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The Bird Maiden

Source: Hero Tales And Legends Of The Serbians

There was once a king who had an only son, whom, when he had grown
up, he sent abroad to seek a suitable wife. The prince set out on
his journey, but, although he travelled over the whole world, he did
not succeed in finding a bride. Finally, after having exhausted his
patience and his purse, he decided to die, and, that there should
not remain any trace of him, he climbed a high mountain, intending
to throw himself from the summit. He was on the point of jumping
from the pinnacle, when a voice uttered these mysterious words:
"Stop! Stop! O man! Do not kill yourself, for the sake of three
hundred and sixty-five which are in the year!"

The prince endeavoured in vain to discover whence the voice came,
and, seeing no one, he asked: "Who are you that speak to me? Show
yourself! If you knew of my troubles, you would surely not hinder
me!" Thereupon an old man appeared, with hair as white as snow,
and said to the unfortunate prince: "I am well aware of all you
suffer; but listen to me. Do you see yonder high hill?" The king's
son answered: "Yes, indeed." "Very well," continued the old man,
"seated day and night in the same spot on the summit of that hill
there is an old woman with golden hair, and she holds a bird in her
lap. He who succeeds in securing that bird will be the happiest man
in the world. But if you wish to try your luck you must be cautious;
you must approach the old woman quietly, and, before she sees you, you
must take her by the hair. Should she see you before you seize her, you
will be turned to stone then and there, just as it has happened to many
young men whom you will see there in the form of blocks of marble."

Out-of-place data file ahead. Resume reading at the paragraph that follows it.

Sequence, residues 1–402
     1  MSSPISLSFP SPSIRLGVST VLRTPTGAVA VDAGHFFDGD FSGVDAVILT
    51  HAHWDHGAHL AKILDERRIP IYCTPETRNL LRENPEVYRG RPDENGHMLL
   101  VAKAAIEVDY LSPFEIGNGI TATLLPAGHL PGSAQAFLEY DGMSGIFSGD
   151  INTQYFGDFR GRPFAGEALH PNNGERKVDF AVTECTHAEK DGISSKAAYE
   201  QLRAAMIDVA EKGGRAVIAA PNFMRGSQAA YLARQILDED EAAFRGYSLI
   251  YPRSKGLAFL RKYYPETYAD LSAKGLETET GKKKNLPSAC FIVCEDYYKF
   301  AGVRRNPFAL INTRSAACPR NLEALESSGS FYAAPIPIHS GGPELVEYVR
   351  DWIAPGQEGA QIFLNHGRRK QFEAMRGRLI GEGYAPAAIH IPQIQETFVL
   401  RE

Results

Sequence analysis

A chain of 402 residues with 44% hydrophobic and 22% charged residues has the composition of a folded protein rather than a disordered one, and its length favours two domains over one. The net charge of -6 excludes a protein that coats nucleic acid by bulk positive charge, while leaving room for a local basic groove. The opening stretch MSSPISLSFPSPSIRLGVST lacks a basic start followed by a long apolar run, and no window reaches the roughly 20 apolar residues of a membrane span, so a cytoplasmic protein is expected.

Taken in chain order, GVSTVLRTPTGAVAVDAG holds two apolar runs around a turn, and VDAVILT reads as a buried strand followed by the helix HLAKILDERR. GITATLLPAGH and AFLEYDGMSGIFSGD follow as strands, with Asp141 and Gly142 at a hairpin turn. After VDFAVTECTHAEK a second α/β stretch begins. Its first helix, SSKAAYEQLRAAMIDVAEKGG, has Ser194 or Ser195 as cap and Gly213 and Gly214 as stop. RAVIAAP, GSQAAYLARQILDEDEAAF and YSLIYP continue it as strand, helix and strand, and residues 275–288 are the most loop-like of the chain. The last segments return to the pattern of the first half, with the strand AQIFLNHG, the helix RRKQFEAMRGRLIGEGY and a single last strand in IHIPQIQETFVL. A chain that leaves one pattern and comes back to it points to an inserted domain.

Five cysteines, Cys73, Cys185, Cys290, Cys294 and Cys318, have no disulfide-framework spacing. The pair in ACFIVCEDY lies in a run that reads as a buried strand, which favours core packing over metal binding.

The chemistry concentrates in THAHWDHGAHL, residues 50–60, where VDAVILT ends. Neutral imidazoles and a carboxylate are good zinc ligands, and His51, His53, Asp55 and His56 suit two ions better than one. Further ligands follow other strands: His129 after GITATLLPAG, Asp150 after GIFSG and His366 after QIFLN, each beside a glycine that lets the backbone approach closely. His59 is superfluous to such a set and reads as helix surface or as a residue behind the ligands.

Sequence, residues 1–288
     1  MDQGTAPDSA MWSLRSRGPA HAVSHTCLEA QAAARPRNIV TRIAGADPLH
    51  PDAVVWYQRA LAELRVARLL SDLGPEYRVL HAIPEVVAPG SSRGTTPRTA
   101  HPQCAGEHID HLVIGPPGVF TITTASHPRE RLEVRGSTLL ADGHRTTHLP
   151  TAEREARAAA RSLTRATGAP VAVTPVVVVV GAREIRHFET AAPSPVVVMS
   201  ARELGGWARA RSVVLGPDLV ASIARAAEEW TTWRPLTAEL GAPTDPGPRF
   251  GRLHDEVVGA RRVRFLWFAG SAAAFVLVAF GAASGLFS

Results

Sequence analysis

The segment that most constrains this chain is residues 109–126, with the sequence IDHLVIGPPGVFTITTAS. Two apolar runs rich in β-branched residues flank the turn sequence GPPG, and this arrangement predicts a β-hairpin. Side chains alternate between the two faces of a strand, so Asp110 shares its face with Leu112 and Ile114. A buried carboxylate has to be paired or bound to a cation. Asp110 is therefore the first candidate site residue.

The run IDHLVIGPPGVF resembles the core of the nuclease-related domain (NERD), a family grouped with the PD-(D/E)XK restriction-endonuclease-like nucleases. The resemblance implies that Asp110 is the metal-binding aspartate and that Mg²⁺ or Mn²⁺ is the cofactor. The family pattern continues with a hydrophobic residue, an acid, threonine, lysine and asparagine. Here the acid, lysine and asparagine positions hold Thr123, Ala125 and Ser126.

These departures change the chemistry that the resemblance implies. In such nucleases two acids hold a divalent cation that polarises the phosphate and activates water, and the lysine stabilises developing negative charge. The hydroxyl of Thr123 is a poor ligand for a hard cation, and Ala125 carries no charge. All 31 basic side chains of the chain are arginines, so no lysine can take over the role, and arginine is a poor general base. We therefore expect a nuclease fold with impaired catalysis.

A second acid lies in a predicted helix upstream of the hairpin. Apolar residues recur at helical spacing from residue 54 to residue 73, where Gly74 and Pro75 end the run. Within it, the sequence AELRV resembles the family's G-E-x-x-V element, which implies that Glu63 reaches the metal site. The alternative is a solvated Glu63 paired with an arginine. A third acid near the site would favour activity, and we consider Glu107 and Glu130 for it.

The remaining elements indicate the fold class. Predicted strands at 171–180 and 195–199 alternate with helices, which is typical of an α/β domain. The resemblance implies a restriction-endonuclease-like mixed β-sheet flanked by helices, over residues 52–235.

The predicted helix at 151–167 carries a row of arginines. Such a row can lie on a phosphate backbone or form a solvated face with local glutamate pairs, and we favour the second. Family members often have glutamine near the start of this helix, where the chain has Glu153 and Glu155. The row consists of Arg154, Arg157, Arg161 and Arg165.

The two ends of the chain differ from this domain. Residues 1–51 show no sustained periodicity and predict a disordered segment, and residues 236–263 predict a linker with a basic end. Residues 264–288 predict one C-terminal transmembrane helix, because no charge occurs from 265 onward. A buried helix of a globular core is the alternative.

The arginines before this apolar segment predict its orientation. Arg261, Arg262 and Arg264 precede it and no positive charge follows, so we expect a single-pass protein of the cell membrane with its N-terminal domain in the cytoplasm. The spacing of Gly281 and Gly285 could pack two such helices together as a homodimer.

The Old Witch

When the prince heard these words, he reflected: "It is all one to
me; I shall go, and, if I succeed in seizing her, so much the better
for me; but if she should see me before I catch her, I can but die,
as I had already resolved to do." So he thanked the old man, and went
cheerfully to try his luck. He soon climbed the other hill and saw the
old woman, whom he approached very warily from behind. Fortunately
the old woman was absorbed in playing with the bird, and so the
prince was able to get quite near without being perceived. Then he
sprang suddenly forward and seized the old woman by her golden hair;
whereupon she screamed so loudly that the whole hill shook as with an
earthquake. But the courageous prince held her fast. Then the old woman
exclaimed: "Release me, and ask whatever you wish!" And the prince
answered: "I will do so if you let me have that bird, and if you at
once recall to life all these young men whom you have bewitched." The
old woman was forced to consent, and she gave up the bird. Then from
her lips she breathed a blue wind toward the petrified figures, so
that instantly they became living men once more. The noble prince
expressed the joy in his heart by kissing the bird in his hands,
whereupon it was transformed into a most beautiful girl, whom, it
appeared, the enchantress had bewitched in order to lure young men to
a horrid fate. The king's son was so pleased with his companion that
he promptly fell in love with her. On their way from that place the
maiden gave him a stick, and told him that it would do everything he
might wish. Presently the prince wished that he had the wherewithal
to travel as befitted a prince and his bride; he struck a rock with
the stick, and out poured a torrent of golden coins, from which they
took all they needed for their journey. When they came to a river,
the prince touched the water with his stick, and a dry path appeared,
upon which they crossed dryshod. A little farther on they were attacked
by a pack of wolves, but the prince protected his bride with his stick,
and one by one the wolves were turned into ants.

And many other adventures they had, but in the end they arrived
safely at the prince's home. Then they married and they lived happily
ever after.

Next: Lying For A Wager

Previous: The Golden Apple-tree And The Nine Peahens

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